Chemical eye burns are quite common incidences in industries. This is not entirely out of place as industries house a variety of chemicals – not all of which is good for the eyes. Also, aside from the industrial scenario, chemical eye injuries can still occur at home, even from our regular cleaning products as we expedite our normal chores.
Basically, chemical eye burns can be classified into acid burns, alkali burns and lastly irritants. Of all these burns, alkali burns rank as the most hazardous to our eyes. Delicate eye organs like the cornea, the lens can be greatly damaged by the penetration of highly alkaline substances with high a pH content. Some of these alkali substances referred to here include potassium hydroxide, magnesium, lye or even home products like fertilizers, oven cleaners, and ammonia.
Moving over to acid eye burns, such burns to our eyes result from the incursion of acidic substances with low pH content. On the measure of severity, acid burns are less dangerous to the eyes than alkali burns. This stems from the fact that they don’t have the penetrative capacity of alkali substances. Most times acid burns are restricted to the surface of the eyes. The exception in this case happens to be hydrofluoric acid burn which, despite being an acid burn, is a close colleague of alkali burns in severity.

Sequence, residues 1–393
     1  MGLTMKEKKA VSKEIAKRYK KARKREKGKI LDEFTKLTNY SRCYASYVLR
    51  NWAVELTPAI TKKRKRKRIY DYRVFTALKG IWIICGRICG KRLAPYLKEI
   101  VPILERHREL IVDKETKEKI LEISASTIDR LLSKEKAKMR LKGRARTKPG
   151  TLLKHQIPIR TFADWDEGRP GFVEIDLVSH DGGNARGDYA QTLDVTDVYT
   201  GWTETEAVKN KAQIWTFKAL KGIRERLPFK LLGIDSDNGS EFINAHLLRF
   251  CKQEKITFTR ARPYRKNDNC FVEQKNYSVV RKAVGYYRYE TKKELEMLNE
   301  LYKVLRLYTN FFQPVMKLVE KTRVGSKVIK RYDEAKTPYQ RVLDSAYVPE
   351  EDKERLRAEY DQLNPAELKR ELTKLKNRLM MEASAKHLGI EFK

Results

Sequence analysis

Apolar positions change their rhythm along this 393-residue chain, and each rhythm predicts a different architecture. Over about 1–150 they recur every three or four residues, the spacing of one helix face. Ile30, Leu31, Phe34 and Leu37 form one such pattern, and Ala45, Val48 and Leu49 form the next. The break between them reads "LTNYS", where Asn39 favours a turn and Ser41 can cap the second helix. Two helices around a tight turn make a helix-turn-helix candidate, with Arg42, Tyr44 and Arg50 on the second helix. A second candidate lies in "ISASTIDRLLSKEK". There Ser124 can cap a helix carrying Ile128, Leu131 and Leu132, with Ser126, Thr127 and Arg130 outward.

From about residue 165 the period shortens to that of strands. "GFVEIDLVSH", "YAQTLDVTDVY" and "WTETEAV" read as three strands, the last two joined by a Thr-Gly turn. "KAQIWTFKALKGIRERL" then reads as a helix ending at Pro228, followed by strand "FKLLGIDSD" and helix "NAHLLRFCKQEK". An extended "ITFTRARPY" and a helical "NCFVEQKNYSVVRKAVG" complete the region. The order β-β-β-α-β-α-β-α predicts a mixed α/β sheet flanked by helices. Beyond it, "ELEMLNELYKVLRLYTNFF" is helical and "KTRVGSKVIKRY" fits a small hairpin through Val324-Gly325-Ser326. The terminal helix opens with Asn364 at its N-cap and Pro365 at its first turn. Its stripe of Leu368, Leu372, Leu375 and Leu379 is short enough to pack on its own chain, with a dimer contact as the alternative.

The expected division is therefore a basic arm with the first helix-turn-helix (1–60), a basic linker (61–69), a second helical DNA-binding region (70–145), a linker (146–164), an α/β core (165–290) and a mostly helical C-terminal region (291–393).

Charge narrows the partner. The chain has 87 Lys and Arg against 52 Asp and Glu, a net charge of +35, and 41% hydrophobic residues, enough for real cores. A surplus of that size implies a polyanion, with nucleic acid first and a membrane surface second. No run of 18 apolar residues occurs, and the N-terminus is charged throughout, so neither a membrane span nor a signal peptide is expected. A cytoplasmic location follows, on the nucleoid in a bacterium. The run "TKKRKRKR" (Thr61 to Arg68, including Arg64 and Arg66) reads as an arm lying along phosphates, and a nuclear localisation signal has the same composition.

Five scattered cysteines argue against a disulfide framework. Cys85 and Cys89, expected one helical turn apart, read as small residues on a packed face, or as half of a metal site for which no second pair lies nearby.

However, serious acid burns can trigger significant distortion to vision even culminating in blindness. The common variants of acid with the potency of causing eye burns include sulfuric acid, nitric acid, hydrofluoric acid, acetic acid amidst others. Some substances at home place us at susceptibility to acid burns. These substances include vinegar and glass polish. One of the most popular cases of acidic eye burns is the event of an automobile battery explosion.
The third category are chemical eye burns, which have a distasteful notoriety for causing more discomfort than real damage to the eyes. Most detergents we use at home are guilty of falling under irritants in this regard. Another infamous irritant is pepper spray, which doesn’t significantly damage the eye as it affects your comfort only.
Some of the quickest ways to tell you are experiencing chemical eye burns include redness of the eye, a painful sensation in your eyes and even swelling of your eyelids.
You may also experience irritation and in more serious cases, you might notice tearing and blurriness of vision. So, are there any quick home remedies for chemical eye burns? Yes, there are quite a few.
In the incidence of a chemical eye burn, it is necessary to flush the eye notably. In more common cases where there are no specialized eye irrigation solutions, you can quickly resign to washing your eyes with your normal tap water. Such washing of eyes should take a sustainable period say ten minutes. This is to ensure that as much of the invading chemical is well washed out.
Naturally the longer the chemical resides in your eyes, the more harm it can wreak. In a work setting, try washing your eyes in the event of chemical eye burns with an isotonic saline solution, preferably a sterile solution. In the absence of this, you can use cold tap water. Most preferably, ensure to visit your doctor when you notice the symptoms of chemical eye burns continue.